In 1997 we moved from a licence system to open competition and industry specific access rules.

Substantial progress towards more competitive markets was made over the next decade, particularly via broadband competitors gaining access to the unbundled local loop; ie Telstra’s copper. However, the access rules led to many court battles and much frustration as Telstra understandably fought to maintain its dominant position against the new competitors.

The then negotiate/ arbitrate regime, in the context of Telstra’s vertical integration, meant negotiations could be unnecessarily protracted, and multiple arbitrations had to be undertaken for the ACCC to resolve essentially the same issue with a number of different access seekers.

Continuing debates over privatisation, unfortunately, made significant regulatory reform too difficult for many years.

A breakthrough occurred in 2009 when Australia finally moved to a strong, pro competitive access regime in telecommunications. In essence the ACCC now had the power both to declare various services reliant on Telstra’s copper wire and to set the price of access for competitors in a single, upfront determination.  

There was no more need for the delays, frustration and cost associated with the need to negotiate with a monopoly and then seek arbitration.

This breakthrough finally settled issues to do with the price of access. In our most recent decision under this new regime, to regulate Telstra’s wholesale ADSL service, wholesale prices have fallen by approximately 15 percent.

Despite the frustrations, the access regime has seen significant competition introduced and large consumer benefit. For example, real prices for fixed-line and mobile services have approximately halved since 1997-8.

Competition has also spurred the introduction of new infrastructure and services. As but one example, back in 2006 it was companies like iinet and Internode that first developed ADSL2+, as Telstra was focused elsewhere.

Telstra, of course, then quickly followed, and consumers have reaped the benefits with faster connection speeds and more data allowances.

While these regulatory regime developments have finally dealt with access price issues, there remained the non price access issues. Competitors, of course, want the same connection and restoration times for their customers, for example, as customers of Telstra Retail enjoy.

After many attempts it was only with Telstra’s Structural Separation Undertaking (SSU) of 2012 that effective non price equivalence and transparency measures were introduced. Telstra now has to self report any equivalence issues with its wholesale processes and service delivery. This has led to industry awareness of a number of systems issues that can see Telstra Retail advantaged over Telstra’s wholesale customers.

Telstra is now working to address these problems, and it is fair to say that both the ACCC and Telstra’s competitors can see that Telstra is taking its commitments seriously. Importantly, the ACCC is now much better placed to respond to any non price equivalence concerns.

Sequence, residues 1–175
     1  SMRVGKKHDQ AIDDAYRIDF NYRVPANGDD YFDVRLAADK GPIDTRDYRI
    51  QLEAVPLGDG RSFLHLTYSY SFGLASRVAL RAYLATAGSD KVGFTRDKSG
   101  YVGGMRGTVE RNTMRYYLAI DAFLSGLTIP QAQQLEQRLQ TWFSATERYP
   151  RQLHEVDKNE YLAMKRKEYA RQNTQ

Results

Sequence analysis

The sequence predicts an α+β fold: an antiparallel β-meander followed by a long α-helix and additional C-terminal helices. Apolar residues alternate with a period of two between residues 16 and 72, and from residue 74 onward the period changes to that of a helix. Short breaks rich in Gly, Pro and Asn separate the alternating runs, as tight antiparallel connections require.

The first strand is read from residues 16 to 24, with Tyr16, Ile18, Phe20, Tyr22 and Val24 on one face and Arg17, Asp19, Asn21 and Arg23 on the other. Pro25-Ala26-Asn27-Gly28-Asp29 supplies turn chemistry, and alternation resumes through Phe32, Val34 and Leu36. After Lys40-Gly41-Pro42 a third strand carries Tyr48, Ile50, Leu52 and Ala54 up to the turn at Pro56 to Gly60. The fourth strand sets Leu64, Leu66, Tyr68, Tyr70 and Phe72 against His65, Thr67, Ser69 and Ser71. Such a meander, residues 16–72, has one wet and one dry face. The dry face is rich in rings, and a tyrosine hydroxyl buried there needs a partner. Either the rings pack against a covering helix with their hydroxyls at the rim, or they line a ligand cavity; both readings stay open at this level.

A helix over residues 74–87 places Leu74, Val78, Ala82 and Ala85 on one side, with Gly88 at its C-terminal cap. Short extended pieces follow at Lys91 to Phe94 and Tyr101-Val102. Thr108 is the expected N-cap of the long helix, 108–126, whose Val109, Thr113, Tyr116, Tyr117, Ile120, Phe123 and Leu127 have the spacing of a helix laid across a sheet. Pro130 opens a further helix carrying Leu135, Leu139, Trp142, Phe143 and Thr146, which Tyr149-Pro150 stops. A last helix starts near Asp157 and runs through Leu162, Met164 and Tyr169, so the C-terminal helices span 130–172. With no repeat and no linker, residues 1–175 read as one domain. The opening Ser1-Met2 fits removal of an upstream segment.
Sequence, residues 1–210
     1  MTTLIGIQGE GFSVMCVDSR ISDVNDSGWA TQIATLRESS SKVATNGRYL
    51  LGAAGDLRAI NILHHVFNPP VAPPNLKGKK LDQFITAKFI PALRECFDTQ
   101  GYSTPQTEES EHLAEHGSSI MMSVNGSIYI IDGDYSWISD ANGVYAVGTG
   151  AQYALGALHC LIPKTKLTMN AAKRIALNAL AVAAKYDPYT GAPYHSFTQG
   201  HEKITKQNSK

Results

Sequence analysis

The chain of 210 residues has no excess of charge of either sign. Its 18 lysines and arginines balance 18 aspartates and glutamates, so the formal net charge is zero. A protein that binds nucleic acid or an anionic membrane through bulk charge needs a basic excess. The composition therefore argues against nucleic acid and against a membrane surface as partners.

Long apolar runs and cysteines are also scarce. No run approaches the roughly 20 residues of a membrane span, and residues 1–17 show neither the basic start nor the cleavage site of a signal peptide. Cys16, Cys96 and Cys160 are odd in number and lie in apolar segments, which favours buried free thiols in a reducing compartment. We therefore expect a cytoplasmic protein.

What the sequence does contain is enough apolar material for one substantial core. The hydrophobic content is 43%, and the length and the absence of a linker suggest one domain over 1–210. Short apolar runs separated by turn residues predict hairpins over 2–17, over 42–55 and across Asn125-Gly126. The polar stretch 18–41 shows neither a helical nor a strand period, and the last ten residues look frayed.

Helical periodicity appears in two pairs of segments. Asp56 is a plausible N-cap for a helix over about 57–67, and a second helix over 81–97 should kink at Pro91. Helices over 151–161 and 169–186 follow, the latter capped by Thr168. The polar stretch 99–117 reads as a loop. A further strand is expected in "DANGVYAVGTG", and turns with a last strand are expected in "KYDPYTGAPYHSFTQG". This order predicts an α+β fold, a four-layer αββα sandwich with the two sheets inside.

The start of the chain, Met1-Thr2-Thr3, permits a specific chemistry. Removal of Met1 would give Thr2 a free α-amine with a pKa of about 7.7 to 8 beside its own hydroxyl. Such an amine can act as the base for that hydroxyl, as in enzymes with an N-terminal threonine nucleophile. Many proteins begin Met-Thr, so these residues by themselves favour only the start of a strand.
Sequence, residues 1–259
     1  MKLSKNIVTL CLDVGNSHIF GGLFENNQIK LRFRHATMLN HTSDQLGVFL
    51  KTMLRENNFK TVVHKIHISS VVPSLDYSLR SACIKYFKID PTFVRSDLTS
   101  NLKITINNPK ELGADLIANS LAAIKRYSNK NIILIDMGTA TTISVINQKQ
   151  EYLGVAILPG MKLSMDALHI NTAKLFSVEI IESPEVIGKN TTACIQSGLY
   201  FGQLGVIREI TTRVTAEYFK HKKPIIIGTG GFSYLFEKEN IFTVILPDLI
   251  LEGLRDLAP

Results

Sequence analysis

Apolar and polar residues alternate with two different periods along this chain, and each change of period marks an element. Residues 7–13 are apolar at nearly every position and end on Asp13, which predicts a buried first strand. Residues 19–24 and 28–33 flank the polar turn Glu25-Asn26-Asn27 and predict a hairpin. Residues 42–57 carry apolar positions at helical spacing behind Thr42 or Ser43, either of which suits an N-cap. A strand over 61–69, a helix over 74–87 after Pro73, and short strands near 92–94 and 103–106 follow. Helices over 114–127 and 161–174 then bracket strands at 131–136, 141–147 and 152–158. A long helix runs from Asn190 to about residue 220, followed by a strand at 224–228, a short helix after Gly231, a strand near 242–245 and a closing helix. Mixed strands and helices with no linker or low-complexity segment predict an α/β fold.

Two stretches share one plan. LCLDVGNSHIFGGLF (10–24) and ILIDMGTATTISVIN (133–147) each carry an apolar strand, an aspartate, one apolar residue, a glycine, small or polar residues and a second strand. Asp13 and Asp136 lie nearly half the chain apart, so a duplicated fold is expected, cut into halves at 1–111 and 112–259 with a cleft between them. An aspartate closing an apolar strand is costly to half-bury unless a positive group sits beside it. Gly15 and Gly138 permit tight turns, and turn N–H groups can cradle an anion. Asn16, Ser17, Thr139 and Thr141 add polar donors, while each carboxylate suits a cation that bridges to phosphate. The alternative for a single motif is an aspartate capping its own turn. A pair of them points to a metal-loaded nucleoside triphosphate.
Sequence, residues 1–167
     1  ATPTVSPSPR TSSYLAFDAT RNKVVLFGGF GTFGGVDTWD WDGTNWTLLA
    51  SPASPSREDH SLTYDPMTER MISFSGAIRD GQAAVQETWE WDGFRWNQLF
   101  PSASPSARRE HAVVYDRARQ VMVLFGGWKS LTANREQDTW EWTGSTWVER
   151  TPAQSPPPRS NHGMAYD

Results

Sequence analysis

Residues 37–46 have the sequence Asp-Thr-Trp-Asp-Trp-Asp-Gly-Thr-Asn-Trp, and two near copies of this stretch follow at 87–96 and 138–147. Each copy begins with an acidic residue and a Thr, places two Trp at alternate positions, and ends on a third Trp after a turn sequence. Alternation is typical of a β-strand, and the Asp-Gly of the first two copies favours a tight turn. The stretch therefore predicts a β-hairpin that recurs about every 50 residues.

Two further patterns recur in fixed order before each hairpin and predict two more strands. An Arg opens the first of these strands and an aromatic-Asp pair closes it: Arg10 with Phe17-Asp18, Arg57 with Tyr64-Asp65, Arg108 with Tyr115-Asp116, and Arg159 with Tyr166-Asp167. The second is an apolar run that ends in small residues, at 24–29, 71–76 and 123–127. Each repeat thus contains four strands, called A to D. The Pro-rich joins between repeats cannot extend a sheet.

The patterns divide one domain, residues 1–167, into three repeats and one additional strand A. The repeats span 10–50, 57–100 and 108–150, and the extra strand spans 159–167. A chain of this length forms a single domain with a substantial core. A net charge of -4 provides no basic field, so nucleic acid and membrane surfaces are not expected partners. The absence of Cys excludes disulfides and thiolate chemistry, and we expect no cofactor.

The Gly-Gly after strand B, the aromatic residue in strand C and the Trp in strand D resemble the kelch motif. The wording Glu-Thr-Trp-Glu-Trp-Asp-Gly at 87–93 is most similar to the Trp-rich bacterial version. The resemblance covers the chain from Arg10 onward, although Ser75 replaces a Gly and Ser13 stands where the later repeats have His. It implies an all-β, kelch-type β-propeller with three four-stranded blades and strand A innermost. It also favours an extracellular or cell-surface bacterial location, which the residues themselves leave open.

The next major challenge in relation to the legacy copper network comes with our 2013 Fixed Services Review. This will determine if and for how long continuing regulation is needed for the services provided over Telstra’s copper wire and, to the extent regulation is needed, whether the current wholesale prices still reflect the efficient costs of supplying these services.

There will be many major issues.

For example, Telstra is likely to argue that with the NBN rolling out, prices will need to rise as fewer services will be supplied over the same infrastructure.

Alternatively, competitors may argue that the values of Telstra’s assets need to be reduced to reflect their increasing obsolescence.

Of course, the nature of this review, and the approach to the issues I just mentioned, could change considerably depending on the policy settings after the September election. The importance of the review will, however, not change.

The now strong regulatory regime we have for telecommunications sets Australia up well for the coming new high speed broadband services, to which I now turn.

 

Regulating the NBN

In many ways the task of regulating the NBN is more straightforward than regulating Telstra’s copper wire services.

Most of the problems I mentioned in the previous section arose because Telstra is vertically integrated: it both supplies the wholesale services and has every incentive to favour its own retail arm over its wholesale customers.

Regulating to overcome this incentive is inherently difficult, which is why the 2009 changes and the SSU were so important.

The NBN will be a wholesale only network, so regulation is less complicated.

But it will still be a monopoly, with the usual incentives of all monopolies to raise price or offer inadequate service quality.

And there is another key difference.

The NBN will be a new build. As such, the standard approaches to regulation are not readily applicable.